Graduation Semester and Year




Document Type


Degree Name

Master of Landscape Architecture


Landscape Architecture

First Advisor

Pat D. Taylor


Daylighting is a deliberate act of exposing the full or partial flow of previously buried rivers, creeks and streams into restored surface waterways. Human development has encroached upon natural streams and confined them in concrete channels and pipes, covered them partially or fully, and altered their natural courses. Eventually this has caused reductions in flow capacity, increase in flow velocity, and water pollution, leading to floods, erosion, and loss of natural resources. Stream daylighting is in a developmental phase, meaning that most of the daylighting projects have been undertaken without proper hydrological, geomorphological, and ecological assessment or knowledge of the outcome. Daylighting projects need to be carefully engineered into a storm-water management system.. Few design standards, construction details, and references have been published on daylighting of streams to help professionals assess and plan for the rehabilitation of urban streams. This paper identifies common denominators in the daylighting processes based on a literature search and review of fifteen completed daylighting projects in North America.The study focuses on the issues of stream daylighting surrounding Mill Creek, a buried stream in Dallas, Texas. Historically, Mill Creek--once the longest and deepest creek in the city of Dallas--played an important role in the city's early development. However, over several decades, the creek became an open sewer carrying human and industrial waste. The riparian system which enveloped the creek was removed as the developing urban framework encroached upon the stream. In 1910, the Dallas Park Board authorized city planner George Kessler to prepare a master plan for the city. According to Kessler's plan, parkways were called for alongside Turtle Creek, Mill Creek, and Cedar Creek, all lying within the city limits. Rather than following this plan, however, the City decided in the 1930s to bury Mill Creek in underground storm sewers. Events in the past decade, including violent floods in the residential neighborhoods and Baylor University's medical complex, revealed the extent of the subsurface drainage problems of the historic creek. According to the City's Master Drainage Plan for Mill Creek (2005), partial daylighting has been proposed to mitigate these problems. Preliminary daylighting criteria have been synthesized based on review and analysis of available literature and information. Based on Mill Creek study results using Geographic Information Systems (GIS) and analysis of interviews and correspondence with the city officials and daylighting experts, historical/cultural values and thoroughfares have been established as key considerations for daylighting Mill Creek, The results were based on components or aspects and issues of decision making for daylighting streams, rather than a detailed step-by-step protocol for stream daylighting implementation. Roadways/thoroughfares are a key infrastructure in today's urbanized areas; it is considered important criteria for daylighting streams in highly urbanized areas like Dallas, Texas. Secondly, Mill Creek had played a key role in establishing Dallas as an important transportation and economic center in north-central Texas, besides providing a source of drinking water. Enhanced eligibility criteria for daylighting Mill Creek have been developed by adding these two key criteria to the preliminary criteria. The study has also shown that partial daylighting is feasible in the Mill Creek watershed and would be a better choice than replacing the old and under-capacity drainage system of the Mill Creek watershed. Property values in the Mill Creek watershed will likely increase after daylighting. Stream daylighting offers viable solutions to address the problems of flooding, erosion, and loss of natural resources and provides benefits like improving water quality, reestablishing aquatic/riparian habitat and wildlife corridors, and restoring natural resources. While this research does not suggest daylighting the entire historic run of Mill Creek, it shows the possibility of partial daylighting of the buried creek. It provides the context for selection of potential daylighting sites in Dallas, and can be useful in formulating a city-wide stream-daylighting policy in Dallas. This report will also serve as a reference for future planning efforts in the Mill Creek watershed.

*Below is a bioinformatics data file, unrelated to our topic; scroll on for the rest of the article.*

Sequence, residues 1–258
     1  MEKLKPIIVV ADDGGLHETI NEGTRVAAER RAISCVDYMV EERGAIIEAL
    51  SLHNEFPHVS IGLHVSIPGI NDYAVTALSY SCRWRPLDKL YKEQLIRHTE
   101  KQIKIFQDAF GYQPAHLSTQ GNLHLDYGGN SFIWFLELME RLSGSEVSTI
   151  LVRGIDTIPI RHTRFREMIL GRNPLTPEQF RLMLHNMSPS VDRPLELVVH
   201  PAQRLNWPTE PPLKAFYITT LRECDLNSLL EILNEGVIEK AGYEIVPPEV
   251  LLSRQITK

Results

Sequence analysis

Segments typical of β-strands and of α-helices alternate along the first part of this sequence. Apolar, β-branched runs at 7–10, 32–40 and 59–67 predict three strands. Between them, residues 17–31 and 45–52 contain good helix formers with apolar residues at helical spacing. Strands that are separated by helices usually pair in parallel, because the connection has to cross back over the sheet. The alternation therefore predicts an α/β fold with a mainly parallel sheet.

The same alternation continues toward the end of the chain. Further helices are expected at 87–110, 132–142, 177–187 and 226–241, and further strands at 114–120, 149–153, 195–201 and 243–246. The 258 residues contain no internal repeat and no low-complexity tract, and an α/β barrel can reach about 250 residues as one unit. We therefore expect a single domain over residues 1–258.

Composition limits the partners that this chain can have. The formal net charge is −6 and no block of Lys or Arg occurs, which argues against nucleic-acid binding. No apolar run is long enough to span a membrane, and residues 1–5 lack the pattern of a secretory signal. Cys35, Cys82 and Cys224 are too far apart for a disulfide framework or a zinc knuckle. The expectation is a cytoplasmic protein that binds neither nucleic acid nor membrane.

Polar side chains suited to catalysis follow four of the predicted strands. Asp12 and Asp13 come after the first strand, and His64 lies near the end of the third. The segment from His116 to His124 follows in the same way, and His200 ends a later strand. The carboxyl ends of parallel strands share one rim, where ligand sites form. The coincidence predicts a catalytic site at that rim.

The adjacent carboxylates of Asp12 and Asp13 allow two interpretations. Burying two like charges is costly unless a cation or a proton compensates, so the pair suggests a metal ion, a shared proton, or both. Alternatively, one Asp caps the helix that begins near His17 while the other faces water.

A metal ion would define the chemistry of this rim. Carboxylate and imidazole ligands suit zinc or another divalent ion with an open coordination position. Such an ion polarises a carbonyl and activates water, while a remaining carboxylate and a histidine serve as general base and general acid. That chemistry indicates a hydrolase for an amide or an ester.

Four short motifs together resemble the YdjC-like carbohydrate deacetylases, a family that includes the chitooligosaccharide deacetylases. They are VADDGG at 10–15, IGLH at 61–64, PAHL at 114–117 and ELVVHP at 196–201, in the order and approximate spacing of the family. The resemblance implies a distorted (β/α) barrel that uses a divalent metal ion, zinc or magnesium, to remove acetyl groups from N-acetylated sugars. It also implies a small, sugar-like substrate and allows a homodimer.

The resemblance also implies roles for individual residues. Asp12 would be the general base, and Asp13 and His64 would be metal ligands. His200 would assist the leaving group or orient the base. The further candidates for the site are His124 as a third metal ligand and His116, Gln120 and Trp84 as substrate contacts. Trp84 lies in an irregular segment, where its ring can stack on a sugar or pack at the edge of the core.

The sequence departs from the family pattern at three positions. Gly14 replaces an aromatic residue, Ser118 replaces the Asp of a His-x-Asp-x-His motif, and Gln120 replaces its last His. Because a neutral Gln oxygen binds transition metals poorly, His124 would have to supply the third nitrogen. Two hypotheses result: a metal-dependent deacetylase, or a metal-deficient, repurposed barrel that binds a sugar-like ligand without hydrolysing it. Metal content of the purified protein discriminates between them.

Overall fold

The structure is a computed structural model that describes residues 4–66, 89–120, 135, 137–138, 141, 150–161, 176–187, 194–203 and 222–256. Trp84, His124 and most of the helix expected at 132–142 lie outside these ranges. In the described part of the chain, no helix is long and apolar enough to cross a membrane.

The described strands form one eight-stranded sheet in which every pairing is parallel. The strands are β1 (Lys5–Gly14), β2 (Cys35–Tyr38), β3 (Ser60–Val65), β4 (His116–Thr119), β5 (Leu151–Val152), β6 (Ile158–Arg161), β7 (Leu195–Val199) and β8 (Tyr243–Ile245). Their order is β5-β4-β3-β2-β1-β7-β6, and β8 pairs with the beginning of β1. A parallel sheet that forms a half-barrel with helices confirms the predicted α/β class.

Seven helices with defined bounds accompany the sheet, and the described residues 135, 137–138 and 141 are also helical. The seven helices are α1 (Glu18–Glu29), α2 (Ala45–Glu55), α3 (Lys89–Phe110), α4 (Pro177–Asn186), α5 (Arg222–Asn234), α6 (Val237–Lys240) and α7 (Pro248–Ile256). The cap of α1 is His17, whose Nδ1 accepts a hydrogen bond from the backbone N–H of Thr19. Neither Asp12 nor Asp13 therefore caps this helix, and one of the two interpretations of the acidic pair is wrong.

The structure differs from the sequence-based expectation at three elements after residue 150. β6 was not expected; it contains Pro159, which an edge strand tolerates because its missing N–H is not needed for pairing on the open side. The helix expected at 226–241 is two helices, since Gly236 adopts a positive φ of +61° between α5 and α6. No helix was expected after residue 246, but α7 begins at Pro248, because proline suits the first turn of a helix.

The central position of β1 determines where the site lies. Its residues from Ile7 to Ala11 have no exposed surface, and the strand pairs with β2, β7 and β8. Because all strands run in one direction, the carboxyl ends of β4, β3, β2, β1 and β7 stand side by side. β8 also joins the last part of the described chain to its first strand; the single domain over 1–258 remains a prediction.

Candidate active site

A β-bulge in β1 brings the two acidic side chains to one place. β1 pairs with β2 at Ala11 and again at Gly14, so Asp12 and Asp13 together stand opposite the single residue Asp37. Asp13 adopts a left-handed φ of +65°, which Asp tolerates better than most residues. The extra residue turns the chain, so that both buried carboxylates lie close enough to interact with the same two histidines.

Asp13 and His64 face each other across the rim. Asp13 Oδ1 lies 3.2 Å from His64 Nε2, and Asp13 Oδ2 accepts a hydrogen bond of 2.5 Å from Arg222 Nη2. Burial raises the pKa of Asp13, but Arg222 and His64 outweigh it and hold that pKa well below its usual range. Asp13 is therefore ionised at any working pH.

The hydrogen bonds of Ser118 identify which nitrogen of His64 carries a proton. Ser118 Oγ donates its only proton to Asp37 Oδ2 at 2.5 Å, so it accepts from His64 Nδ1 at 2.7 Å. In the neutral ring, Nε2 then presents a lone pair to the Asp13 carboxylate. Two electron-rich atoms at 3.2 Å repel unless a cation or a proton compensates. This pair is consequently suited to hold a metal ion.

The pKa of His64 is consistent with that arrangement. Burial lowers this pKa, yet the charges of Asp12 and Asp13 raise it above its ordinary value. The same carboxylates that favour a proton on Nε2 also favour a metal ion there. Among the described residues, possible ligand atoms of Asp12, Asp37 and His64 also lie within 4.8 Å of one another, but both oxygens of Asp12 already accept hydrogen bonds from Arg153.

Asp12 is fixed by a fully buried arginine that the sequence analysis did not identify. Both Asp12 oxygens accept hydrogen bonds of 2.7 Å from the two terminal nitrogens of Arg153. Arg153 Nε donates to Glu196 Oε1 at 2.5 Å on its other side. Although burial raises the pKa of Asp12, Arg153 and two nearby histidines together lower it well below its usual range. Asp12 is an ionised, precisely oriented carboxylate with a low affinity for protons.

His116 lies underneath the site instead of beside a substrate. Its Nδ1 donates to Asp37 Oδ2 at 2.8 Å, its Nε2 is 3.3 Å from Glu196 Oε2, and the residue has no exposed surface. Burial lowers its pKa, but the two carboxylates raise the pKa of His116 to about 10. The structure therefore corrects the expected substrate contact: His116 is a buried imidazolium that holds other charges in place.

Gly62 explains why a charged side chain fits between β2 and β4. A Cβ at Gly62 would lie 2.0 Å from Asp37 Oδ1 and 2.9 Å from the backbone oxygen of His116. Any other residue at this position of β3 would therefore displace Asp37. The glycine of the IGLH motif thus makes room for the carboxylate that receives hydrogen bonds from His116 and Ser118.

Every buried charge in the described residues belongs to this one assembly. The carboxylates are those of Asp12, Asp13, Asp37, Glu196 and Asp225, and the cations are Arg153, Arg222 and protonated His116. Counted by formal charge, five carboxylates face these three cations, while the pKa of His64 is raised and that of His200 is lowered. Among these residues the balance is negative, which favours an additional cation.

Architecture | Landscape Architecture


Degree granted by The University of Texas at Arlington